Tips to help parents deal with stress and anxiety as kids return to school

UT Health San Antonio psychiatrist says it’s important to recognize emotions and look for options to handle stress

Experts offer advice for parents suffering from stress, anxiety amid surging COVID-19 cases
Experts offer advice for parents suffering from stress, anxiety amid surging COVID-19 cases

SAN ANTONIO – As students head back into the classroom, some parents are battling stress and anxiety.

Dr. Barbara Robles-Ramamurthy, a child and adult psychiatrist at UT Health San Antonio, said it’s important to recognize that stress and worry are a normal part of who we are as human beings and we have the ability to get through difficult situations.

“They’re part of our biological responses to life and uncertainty, which we are living in right now with the pandemic and this surge of increases in cases to the Delta variant and other variants. And our kids going back to school absolutely is going to bring out a lot of stress and worries,” Dr. Robles-Ramamurthy said.

Robles-Ramamurthy said after recognizing the feelings are there, parents should look at the options for handling the stress that they are feeling.

“So first, recognition that the anxiety is there, that the worries are there, that the stress is building up. Then comes the awareness of how is it impacting us as human beings? How does it impact the way we think about things, the way we respond to things, the way we communicate with our children, the way we communicate as partners at home. Are we seeking support? What are our resources that we have available as a family, whether it’s other family members, leaders in our communities,” Robles-Ramamurthy said.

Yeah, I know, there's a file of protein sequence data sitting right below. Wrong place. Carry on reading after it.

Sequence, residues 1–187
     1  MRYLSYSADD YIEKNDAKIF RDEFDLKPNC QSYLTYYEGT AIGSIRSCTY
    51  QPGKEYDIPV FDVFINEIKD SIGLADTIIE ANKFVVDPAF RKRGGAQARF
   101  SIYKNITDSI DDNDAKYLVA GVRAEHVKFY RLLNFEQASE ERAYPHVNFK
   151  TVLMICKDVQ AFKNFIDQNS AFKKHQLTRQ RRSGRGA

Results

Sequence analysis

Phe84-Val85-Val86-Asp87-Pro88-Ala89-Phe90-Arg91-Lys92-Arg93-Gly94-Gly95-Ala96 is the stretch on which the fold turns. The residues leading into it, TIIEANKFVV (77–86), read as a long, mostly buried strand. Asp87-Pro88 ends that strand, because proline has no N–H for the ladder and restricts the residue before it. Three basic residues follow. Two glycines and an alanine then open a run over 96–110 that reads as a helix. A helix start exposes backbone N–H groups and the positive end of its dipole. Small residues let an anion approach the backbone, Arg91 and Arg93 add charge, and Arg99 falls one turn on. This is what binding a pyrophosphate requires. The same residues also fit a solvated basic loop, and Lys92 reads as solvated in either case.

As parents work through this transition, Robles-Ramamurthy said learning to deal with uncertainty and being flexible can help families.

“Because we don’t know how this is going to play out, we can tell our kids this is the plan for now. If things change, we will talk about it again and we will come up with a new plan,” Robles-Ramamurthy said.

Clarissa Zamora, a social emotional counselor at Jubilee Westwood, said it’s important to communicate not only with your kids, but with school staff about all the different changes.

“Get to know and talk to your school administrators, get to know what are the policies and procedures when my kids come back,” Zamora said.

Zamora said it’s also important to remember that kids feel and watch everything parents do.

“Validating why I’m sad, you know, that’s important. But for them to constantly hear it is not good,” Zamora said.

While there are many changes happening around, Zamora reminds parents to celebrate the little moments of life with your child.

“We have to remember what it was before the pandemic and coming back alive and celebrating Those everyday meaningful things,” Zamora said.

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